Ontogeny & Morphology

Ontogeny & Functional Morphology of the Feeding Complex

Ontogeny refers to how an individual will change over the course of a lifetime.

Functional morphology refers to the relationship between the structure of a tissue and how it is used.

What we eat and how we eat it influences the size, shape, and performance of the bones and muscles of the head. The material properties of our diet influence both the immediate aspects of feeding (food processing, muscle force, tooth interactions) as well as long-term aspects of our musculoskeletal biology. Our diet also changes as we age – for example, the foods given to young children are often easy to eat in order to accommodate their developing teeth, jaws, and musculature.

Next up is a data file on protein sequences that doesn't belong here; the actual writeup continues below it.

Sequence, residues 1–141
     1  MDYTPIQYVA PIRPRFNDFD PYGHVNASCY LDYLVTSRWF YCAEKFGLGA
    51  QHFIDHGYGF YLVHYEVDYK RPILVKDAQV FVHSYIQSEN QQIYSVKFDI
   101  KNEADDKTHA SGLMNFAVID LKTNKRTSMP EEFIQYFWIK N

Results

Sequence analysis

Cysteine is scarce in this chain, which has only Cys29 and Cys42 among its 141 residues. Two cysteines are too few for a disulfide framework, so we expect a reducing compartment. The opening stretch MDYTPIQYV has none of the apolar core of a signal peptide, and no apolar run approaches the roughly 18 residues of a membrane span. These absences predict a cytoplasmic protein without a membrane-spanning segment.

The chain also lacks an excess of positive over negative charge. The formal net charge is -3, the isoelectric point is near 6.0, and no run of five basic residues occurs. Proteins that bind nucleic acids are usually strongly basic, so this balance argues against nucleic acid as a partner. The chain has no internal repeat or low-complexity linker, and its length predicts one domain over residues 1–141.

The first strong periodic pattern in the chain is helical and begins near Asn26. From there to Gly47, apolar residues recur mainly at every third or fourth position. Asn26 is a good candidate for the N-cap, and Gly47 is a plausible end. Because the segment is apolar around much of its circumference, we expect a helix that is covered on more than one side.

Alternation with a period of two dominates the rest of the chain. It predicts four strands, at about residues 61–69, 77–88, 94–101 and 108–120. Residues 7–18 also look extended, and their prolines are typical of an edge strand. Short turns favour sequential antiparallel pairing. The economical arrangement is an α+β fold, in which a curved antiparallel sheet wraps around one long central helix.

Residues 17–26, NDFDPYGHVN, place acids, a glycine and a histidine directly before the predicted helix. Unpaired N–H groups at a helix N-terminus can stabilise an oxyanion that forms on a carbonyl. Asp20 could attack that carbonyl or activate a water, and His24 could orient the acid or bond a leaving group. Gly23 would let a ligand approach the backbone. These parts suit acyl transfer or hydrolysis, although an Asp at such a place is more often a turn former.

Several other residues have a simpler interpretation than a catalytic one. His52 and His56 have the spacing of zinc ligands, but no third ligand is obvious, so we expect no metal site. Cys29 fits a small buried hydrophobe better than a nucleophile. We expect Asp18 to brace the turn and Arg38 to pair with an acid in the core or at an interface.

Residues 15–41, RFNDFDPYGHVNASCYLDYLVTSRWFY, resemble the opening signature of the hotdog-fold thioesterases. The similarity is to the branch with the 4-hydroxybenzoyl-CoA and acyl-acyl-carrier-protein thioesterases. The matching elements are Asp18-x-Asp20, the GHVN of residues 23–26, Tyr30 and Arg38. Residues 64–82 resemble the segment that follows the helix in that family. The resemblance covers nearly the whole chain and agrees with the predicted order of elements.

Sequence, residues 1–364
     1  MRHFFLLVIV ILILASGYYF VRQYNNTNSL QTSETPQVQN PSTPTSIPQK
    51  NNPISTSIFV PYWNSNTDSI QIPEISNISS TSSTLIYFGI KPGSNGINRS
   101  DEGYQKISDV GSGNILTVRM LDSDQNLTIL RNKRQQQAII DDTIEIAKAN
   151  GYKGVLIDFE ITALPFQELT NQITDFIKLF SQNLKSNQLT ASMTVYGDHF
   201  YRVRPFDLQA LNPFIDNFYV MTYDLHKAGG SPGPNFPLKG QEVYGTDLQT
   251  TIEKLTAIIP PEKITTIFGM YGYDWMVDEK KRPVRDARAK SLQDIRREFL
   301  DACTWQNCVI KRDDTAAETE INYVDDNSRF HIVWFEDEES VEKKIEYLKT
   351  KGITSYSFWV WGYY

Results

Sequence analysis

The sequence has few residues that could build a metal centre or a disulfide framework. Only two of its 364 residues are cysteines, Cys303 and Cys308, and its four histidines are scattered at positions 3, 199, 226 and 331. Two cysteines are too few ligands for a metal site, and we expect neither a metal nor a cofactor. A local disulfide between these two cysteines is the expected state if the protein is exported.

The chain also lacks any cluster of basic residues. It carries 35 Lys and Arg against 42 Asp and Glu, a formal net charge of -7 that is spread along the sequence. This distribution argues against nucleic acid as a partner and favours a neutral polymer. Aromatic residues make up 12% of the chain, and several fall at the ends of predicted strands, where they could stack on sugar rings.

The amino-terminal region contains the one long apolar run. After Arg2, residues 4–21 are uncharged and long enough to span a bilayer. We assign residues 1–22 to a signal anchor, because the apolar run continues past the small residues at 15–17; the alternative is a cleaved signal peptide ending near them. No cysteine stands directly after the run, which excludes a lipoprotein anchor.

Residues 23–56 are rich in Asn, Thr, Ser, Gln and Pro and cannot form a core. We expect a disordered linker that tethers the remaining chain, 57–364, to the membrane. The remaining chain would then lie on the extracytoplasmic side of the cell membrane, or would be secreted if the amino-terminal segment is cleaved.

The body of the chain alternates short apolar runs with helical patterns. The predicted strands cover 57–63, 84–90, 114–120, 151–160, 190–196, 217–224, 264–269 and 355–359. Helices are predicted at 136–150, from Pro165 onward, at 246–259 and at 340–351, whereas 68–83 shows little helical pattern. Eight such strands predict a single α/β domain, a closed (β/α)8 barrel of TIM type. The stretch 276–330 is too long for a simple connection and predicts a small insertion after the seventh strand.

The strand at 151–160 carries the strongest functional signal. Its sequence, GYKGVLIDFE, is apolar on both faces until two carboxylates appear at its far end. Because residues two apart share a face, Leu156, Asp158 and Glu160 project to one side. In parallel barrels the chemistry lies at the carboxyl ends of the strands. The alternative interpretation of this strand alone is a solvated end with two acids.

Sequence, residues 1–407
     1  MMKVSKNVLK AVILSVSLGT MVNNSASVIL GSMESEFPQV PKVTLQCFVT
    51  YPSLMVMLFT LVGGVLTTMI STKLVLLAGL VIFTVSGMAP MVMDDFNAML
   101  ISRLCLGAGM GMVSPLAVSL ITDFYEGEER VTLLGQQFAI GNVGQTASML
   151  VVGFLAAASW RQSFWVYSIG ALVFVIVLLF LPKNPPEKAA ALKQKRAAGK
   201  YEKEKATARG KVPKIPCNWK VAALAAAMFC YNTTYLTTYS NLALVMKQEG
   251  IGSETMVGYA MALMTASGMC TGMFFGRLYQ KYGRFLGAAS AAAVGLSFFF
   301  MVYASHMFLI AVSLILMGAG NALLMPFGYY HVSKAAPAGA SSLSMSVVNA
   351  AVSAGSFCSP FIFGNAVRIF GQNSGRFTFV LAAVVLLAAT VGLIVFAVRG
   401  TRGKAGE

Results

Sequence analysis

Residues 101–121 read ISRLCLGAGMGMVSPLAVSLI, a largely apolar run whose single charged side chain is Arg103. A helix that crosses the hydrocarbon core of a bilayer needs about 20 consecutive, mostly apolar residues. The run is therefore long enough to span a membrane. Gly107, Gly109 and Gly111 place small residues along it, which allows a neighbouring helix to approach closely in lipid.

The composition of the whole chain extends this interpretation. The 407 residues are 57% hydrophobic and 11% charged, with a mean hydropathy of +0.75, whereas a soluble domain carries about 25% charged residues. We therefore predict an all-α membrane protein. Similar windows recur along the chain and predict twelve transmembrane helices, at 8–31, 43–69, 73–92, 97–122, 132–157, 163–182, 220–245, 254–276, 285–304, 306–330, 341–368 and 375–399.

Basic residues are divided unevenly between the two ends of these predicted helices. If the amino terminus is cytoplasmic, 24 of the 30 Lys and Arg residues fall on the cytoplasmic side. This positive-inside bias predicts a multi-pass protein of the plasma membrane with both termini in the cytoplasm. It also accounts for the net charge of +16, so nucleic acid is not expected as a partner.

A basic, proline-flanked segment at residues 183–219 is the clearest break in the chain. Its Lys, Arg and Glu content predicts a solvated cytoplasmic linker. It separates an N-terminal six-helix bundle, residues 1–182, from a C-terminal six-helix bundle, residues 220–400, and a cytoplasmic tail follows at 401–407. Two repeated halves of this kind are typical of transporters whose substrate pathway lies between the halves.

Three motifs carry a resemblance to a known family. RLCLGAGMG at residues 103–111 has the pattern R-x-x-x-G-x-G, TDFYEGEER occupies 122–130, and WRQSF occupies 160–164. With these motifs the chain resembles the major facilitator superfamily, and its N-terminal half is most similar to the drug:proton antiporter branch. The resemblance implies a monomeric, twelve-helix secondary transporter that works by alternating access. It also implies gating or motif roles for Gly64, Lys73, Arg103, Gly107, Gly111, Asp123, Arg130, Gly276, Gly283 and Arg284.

The research conducted in the Menegaz lab asks what level of biomechanical loading during feeding is necessary for the normal development of the masticatory apparatus. If our diet is too easy to consume, does this under-exercise our jaws and lead to underdeveloped structures? If our diet is too difficult, does this over-exercise our jaws leading to age-related degradative changes?

This work also investigates the effect of dietary variability on craniomandibular morphology. How important is the childhood/juvenile diet for determining adult morphology? How do muscle and bone respond to these changes in diet? From an ecological perspective, how do seasonal changes in diet (e.g. fallback foods) affect morphology and diversity in mammalian species?

Learn about how we answer these questions on our research methods page.